- UK-grown biomass can deliver genuine, system-level, greenhouse gas savings.
- Planting around 1.4 Mha of second generation (non-food) bioenergy crops, such as Miscanthus, Short Rotation Coppice (SRC) willow and Short Rotation Forestry (SRF), by the 2050s would make a signifi cant contribution to delivering a cost-effective, low carbon energy system. This is equivalent to ~7.5% of the total agricultural area of the UK.
- Steadily increasing the area of bioenergy crops in the UK (averaging around 30-35 kha/yr of new planting out to the 2050s) would allow the sector to ‘learn by doing’ and develop best practices, as well as monitor and manage impacts on other markets and the wider environment.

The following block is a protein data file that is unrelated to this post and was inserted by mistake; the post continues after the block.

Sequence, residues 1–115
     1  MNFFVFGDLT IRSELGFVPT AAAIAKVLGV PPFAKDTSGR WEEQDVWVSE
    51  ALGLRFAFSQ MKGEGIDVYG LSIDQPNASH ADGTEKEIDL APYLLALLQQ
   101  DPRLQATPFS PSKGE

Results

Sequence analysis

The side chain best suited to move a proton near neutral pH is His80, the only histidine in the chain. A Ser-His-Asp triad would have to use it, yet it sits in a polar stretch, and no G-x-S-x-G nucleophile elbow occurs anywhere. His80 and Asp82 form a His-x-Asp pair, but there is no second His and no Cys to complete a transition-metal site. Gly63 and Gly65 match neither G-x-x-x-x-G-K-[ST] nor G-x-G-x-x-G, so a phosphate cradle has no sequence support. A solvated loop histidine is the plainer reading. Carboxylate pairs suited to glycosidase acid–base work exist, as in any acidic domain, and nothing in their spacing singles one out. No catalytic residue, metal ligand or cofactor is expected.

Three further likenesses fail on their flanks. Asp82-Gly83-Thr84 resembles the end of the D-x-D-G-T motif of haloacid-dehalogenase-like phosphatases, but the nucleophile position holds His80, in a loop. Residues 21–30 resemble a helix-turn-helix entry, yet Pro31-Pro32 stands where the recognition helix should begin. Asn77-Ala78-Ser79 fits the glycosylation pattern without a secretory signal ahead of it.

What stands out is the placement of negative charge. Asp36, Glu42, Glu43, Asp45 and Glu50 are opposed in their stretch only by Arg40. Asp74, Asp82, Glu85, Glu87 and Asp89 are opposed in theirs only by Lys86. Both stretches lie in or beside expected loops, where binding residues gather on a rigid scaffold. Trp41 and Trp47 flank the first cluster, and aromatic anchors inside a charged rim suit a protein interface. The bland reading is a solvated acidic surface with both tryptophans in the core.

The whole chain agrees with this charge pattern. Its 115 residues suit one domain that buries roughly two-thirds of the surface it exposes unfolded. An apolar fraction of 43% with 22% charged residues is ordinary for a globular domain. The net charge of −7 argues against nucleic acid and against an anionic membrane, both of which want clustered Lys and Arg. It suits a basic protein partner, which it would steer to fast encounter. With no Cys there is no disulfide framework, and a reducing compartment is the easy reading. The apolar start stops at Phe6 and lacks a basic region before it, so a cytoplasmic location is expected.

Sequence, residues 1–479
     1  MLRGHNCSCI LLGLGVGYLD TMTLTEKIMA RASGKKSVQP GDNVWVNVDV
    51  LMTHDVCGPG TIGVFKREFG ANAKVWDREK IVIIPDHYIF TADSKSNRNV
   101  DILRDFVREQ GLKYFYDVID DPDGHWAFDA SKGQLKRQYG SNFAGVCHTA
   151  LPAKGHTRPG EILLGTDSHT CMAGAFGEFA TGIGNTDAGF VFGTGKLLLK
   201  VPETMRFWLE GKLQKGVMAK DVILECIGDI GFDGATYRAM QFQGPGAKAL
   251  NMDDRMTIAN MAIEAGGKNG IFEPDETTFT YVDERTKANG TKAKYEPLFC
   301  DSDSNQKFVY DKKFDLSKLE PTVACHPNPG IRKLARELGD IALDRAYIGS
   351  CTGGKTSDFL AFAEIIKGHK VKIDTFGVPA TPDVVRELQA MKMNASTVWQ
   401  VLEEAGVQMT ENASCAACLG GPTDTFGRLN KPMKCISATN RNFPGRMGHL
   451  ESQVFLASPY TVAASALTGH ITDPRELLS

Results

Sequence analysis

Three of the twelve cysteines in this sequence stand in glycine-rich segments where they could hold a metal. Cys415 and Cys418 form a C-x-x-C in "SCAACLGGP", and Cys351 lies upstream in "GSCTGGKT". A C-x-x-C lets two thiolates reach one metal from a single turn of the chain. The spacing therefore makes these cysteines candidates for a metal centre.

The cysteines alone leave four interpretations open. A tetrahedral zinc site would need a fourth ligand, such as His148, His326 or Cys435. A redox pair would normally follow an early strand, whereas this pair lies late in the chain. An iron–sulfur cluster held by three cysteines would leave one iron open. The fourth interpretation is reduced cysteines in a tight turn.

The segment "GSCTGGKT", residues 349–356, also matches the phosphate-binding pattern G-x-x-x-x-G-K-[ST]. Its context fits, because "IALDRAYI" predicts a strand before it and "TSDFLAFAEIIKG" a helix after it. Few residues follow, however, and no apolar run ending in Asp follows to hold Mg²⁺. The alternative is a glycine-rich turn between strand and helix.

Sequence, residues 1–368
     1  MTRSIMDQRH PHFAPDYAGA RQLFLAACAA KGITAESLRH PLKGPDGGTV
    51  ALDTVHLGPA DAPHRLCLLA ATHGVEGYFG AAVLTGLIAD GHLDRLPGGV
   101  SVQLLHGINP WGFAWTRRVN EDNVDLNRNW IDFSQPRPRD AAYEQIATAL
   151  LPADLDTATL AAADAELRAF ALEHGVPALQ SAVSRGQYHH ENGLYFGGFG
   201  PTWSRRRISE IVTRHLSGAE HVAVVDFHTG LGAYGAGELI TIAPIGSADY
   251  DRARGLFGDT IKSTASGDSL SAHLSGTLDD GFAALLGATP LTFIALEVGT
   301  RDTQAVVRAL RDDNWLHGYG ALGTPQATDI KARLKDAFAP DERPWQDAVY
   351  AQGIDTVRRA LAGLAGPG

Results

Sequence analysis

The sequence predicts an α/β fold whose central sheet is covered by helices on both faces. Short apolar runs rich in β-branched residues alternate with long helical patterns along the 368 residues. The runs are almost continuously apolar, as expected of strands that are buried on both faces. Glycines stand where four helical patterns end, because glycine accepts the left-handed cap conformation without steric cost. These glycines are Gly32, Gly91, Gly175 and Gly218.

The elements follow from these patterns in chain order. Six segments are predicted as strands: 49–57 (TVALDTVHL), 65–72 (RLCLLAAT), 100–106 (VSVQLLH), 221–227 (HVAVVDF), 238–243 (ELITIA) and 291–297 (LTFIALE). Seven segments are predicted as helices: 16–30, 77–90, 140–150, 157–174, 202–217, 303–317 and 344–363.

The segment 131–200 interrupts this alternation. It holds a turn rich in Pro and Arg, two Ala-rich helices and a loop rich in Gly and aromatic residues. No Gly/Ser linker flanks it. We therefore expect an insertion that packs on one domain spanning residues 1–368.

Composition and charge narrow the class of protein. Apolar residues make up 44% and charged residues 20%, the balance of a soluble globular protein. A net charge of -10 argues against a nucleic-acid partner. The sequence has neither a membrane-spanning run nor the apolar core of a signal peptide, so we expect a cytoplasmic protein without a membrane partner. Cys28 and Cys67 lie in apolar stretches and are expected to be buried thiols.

- Delivering a substantial energy crops sector whilst balancing the demand for land from other sectors will require an increase in land productivity and a reduction in food waste throughout the supply chain.
- The market for second generation energy crops is nascent.
- As the UK prepares to leave the European Union, there is an opportunity to restructure farming support in a way which provides long-term clarity and support to farmers and encourages the sustainable growth of the UK biomass sector